What are you doing New Year’s eve? Not seeing this cheap, lazy excuse for a movie, I hope. In fact, I’m begging you: please don’t give Hollywood any reason to do this again for a third time. Because the first time — last year’s Valentine’s Day — was a terrible stew of romantic-comedy clichés as roughly 327 “adorably” mismatched and powerfully annoying celebrity couples ran around Los Angeles being wacky and lovelorn: it was a rom-com that was all horrible protagonists you’d kill yourself to avoid being stuck in an elevator with, and no cool best-friend characters that you wondered why the movie wasn’t about them. Because for this second time out, no one is even bothering to pretend they’re trying to do anything other than pick your pocket of $12.50 plus popcorn, which they’re able to do because they know how desperate you are to see bland, personality-free celebs engaging in holiday lovey-dovey. God knows what circle of cinematic hell Arbor Day or Thanksgiving or Fourth of July will cast us into. Please don’t let it come to that.
It would be a step in the right direction if New Year’s Eve could aspire to be phony and manipulative. It fails to rise to even that level of incompetence, and it’s happy with its stupidity. Director Garry Marshall and screenwriter Katherine Fugate, reteaming from VD, are just pulling shit confetti out of the air here: she appears to know nothing of human behavior or interaction, and he appears to have heard of New York City as only a distant rumor. How do we know we’re in New York? A random construction worker walks through a scene. There’s a lot of slapping going on — that’s what crazy heartbroken women do to men, you see — as well as completely unironic deployments of both hoo-ha and va-jay-jay to indicate a woman’s sexual parts… one of which is uttered by an adult woman referring to herself. It’s like this was written by a child whose only knowledge of the world and its people comes from… well, Valentine’s Day.
It’s all taking place on the last day of the year 2011 — not that that stopped Marshall from using some footage from the actual Times Square New Year’s celebrations on December 31, 2010, without bothering to CGI-change the damn dates on revelers’ party hats — during which an array of balloon-animal approximations of human beings will do things no authentic human being would. Such as Michelle Pfeiffer’s (Stardust) bizarrely “mousy” Ingrid, who will enlist Zac Efron’s (Charlie St. Cloud) jaw-droppingly unconvincing “street” messenger to fulfill all of her lifelong New Year’s resolutions in a single day. These include such impossible specific things as “Travel to Bali” and such impossible vague things as “Be amazed,” and she will pout and instruct him — a total stranger — to “use [his] imagination” in order to service her. And she gets away with this absurdity.
I’d say that deeply strained subplot was the most painfully contrived thing I’d ever seen, except I’ve seen the rest of New Year’s Eve. There’s Hilary Swank’s (Amelia) city executive in charge of the ball drop, out of whose mouth falls some of the most false and feeble attempts at feel-goodery ever committed to film, twaddle about how people say there’s no beauty in the world except on New Year’s eve, and how second chances expire at midnight… because, I guess, the world ends then. (Swank, to her credit, looks like she’s smelling shit every time she appears on camera. To her uncredit, she appears on camera and says these lines.) There’s Josh Duhamel (Transformers: Dark of the Moon), who’s trying to get into Manhattan from Connecticut because he made a date with an anonymous lady on the previous December 31 and she’s the woman of his dreams he just knows it… and the film will hold us in “suspense” as to which of the celeb cameos he’s hoping to run into again. And as if that weren’t ridiculous enough, the movie concocts the most unlikely road accident ever so that it can toss Duhamel into an RV with a supposedly madcap family for the road trip. (Why he doesn’t just get a taxi to the train into Manhattan remains unanswered. How the hell anyone would achieve the insanity of driving an RV into Manhattan on New Year’s eve — or, indeed, ever — is left unexplored.)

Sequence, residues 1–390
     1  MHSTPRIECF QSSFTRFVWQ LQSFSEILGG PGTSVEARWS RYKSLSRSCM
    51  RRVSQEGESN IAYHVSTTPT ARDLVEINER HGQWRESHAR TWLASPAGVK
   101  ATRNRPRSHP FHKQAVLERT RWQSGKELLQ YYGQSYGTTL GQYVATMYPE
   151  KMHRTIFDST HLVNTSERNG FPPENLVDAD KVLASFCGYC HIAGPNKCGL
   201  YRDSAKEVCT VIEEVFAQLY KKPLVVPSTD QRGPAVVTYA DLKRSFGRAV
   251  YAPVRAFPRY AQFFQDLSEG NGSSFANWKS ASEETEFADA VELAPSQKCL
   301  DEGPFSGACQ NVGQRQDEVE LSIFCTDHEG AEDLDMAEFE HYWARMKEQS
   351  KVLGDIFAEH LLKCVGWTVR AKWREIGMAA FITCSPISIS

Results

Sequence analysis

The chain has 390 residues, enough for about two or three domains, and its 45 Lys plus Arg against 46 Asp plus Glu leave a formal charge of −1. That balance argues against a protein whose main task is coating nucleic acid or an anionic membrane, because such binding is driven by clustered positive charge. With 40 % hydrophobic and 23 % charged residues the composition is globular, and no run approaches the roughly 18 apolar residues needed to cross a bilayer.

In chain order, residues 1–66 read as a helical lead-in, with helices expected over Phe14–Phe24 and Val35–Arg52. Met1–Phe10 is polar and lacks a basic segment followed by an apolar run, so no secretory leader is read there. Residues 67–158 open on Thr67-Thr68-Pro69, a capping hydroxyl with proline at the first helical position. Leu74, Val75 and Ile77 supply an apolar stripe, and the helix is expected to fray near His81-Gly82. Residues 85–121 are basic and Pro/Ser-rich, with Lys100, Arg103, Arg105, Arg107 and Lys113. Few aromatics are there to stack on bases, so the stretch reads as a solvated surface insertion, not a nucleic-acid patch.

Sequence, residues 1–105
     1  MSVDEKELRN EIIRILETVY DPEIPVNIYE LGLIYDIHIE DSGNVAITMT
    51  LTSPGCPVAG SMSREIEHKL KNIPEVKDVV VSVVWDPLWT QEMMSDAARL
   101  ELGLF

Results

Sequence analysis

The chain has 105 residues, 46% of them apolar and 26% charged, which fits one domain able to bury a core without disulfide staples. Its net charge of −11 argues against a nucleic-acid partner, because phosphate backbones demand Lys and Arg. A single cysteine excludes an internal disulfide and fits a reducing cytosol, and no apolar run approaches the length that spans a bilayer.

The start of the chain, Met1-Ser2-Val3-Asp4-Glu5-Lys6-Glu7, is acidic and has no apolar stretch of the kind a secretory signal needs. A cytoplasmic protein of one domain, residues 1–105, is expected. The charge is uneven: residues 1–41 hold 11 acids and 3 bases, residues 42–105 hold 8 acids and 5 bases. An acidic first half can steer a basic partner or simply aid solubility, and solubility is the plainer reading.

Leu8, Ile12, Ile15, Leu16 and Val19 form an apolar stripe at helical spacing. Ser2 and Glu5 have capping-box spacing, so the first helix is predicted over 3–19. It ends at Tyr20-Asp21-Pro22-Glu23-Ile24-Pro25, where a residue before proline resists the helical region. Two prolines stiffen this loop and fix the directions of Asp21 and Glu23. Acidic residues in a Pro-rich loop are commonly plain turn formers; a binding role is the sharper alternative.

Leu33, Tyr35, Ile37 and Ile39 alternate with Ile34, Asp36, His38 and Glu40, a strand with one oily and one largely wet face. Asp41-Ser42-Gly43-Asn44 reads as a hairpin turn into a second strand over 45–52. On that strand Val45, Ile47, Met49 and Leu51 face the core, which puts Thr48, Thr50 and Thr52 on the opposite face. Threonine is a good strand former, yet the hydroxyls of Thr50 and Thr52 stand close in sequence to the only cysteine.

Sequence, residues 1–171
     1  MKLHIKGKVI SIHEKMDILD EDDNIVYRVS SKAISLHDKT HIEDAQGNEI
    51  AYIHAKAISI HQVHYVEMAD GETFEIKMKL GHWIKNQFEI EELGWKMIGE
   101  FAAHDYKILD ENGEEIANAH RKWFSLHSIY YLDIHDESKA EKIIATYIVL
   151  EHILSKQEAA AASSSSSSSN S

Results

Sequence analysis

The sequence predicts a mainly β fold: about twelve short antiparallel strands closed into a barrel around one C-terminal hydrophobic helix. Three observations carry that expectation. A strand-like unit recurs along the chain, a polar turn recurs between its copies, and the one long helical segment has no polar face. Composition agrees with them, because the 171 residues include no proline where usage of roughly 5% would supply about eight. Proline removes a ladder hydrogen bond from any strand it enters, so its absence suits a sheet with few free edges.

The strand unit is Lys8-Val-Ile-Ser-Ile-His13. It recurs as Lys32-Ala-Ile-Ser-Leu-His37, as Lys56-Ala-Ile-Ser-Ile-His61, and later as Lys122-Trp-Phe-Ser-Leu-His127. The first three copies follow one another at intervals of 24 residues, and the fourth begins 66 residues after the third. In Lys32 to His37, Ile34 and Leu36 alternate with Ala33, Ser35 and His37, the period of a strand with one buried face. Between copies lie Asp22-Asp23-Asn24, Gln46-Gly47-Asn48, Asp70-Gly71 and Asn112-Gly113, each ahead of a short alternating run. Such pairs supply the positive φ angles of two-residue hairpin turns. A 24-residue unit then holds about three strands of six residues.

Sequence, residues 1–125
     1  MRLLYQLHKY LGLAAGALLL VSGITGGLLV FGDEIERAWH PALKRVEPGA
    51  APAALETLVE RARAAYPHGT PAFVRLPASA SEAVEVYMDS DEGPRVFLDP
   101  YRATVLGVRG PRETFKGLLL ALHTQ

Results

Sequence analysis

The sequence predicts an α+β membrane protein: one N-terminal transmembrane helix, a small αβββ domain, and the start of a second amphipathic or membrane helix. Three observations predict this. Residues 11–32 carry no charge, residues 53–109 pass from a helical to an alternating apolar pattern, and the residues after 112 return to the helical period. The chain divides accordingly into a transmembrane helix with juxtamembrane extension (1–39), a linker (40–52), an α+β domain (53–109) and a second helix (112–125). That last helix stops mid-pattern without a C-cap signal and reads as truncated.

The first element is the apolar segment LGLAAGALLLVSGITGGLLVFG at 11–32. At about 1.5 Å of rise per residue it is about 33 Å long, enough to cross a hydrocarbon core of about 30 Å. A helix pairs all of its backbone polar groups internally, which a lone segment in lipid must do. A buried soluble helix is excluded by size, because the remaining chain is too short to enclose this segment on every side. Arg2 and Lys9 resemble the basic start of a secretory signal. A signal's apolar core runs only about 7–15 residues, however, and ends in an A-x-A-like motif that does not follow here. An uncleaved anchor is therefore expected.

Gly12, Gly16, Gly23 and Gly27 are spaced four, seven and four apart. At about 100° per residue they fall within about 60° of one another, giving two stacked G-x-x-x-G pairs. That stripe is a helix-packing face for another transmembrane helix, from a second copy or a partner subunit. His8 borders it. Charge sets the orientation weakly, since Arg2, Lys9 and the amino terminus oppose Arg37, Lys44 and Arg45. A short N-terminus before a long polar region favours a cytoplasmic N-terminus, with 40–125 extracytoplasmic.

There’s Jessica Biel’s (The A-Team) expectant mother, who has obviously been planning for the most natural childbirth possible but then engages in all sorts of strange behavior in order to induce labor so she can win prize money for having the first baby of the new year: it is “charming” and “funny,” you see, when a mother would endanger her own baby like this. There’s Jon Bon Jovi’s (Pay It Forward) rock star — he seriously needs to stick to music — who’s trying to woo back chef Katherine Heigl (Life as We Know It). (Oh, you didn’t think you would escape this flick without encountering the current queen of awful rom-coms, did you? Sarah Jessica Parker [I Don’t Know How She Does It] is in this, too. I’m not even kidding.) There’s Ashton Kutcher’s (Killers) grinch, stuck in an elevator (yes, you will want to kill yourself to avoid this), who will learn the true meaning of New Year’s eve. And if you never figured Kutcher for much of an actor, wait till you see what it looks like when he’s phoning it in.
None of these “characters” — and oh, there are so many more — are in the least bit likeable. Their “stories” range from unpleasant to implausible to downright illogical. There’s isn’t a single genuine human feeling to be had here.
Except rage. I’m feeling that one fairly strongly.